Case #2282.0

The Mosquito Network: Global Governance in the Fight to Eliminate Malaria Deaths

Publication Date: April 5, 2024
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Malaria, a deadly disease transmitted by the bites of infected mosquitoes, had been effectively eliminated from the developed world since the end of the World Health Organization’s Global Malaria Eradication Campaign in 1969. In Africa, however, the disease remained a scourge through the early 2000s, killing close to a million people each year, most of them children under five. As a result, the international community set an ambitious goal: reduce malaria deaths in Africa to zero by the end of 2015. Rising to the challenge required the mobilization of a vast network of local, regional, national, and global actors in the for-profit, nonprofit, and public spheres. Local community groups in tiny African villages, national malaria control programs in malaria-endemic countries, national and international non-governmental organizations, faith-based organizations, foundations, individual philanthropists, research institutes, and huge multilateral bureaucracies like the United Nations Children’s Fund, the World Health Organization, and the World Bank would be required to work together with focus and vigor to meet the goal. This case describes the history of the global fight against malaria, and the role of the United Nation’s Millennium Development Goals, the Global Fund, the President’s Malaria Initiative, the Roll Back Malaria Partnership, and other actors in collectively shepherding the effort.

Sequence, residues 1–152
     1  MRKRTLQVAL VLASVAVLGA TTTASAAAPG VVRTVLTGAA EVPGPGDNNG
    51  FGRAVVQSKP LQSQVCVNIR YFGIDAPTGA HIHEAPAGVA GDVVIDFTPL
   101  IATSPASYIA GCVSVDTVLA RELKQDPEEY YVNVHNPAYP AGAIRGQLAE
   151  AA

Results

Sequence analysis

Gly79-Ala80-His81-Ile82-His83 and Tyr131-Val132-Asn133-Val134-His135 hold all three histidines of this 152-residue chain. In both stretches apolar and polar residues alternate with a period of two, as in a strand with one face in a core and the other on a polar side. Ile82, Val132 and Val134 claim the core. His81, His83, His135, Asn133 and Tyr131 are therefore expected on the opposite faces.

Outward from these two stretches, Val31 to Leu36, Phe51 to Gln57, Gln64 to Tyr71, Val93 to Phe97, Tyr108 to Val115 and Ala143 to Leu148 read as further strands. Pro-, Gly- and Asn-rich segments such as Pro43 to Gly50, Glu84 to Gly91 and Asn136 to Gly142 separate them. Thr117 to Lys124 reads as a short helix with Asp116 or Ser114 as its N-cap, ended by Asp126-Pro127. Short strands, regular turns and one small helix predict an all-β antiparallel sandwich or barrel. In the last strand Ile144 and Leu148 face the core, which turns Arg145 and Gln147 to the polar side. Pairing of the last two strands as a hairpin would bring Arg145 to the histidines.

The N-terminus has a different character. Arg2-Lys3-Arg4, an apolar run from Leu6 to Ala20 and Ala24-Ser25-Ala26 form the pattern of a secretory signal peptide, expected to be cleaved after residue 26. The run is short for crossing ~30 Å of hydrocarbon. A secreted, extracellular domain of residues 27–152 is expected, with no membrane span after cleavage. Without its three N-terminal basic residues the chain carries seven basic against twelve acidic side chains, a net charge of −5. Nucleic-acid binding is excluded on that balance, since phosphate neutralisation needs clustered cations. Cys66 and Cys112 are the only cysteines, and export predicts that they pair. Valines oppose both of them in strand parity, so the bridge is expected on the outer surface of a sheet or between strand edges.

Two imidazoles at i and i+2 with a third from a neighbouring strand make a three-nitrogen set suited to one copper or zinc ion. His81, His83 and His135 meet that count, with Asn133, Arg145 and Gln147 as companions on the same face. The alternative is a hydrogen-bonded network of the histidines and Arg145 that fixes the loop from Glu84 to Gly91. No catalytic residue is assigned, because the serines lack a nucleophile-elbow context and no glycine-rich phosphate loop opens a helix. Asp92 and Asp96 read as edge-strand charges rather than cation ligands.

The Harvard Kennedy School Case Program has published three cases on the Mosquito Network. This case is adapted from "The Mosquito Network: Collaborative Entrepreneurship in the Fight to Eliminate Malaria Deaths (A)," HKS Case No. 2071.0, and "The Mosquito Network: Collaborative Entrepreneurship in the Fight to Eliminate Malaria Deaths (B)," HKS Case No. 2072.0, written by Gaylen Williams Moore. 

Learning Objective:
1. Students will learn the processes through which successful global governance can be achieved.
2. Students will be able to articulate the value and use of consenting norms and rules in global governance.


Other Details

Teaching Plan:
Available with Educator Access
Case Author:
Laura Winig
Faculty Lead:
Kathryn Sikkink
Pages (incl. exhibits):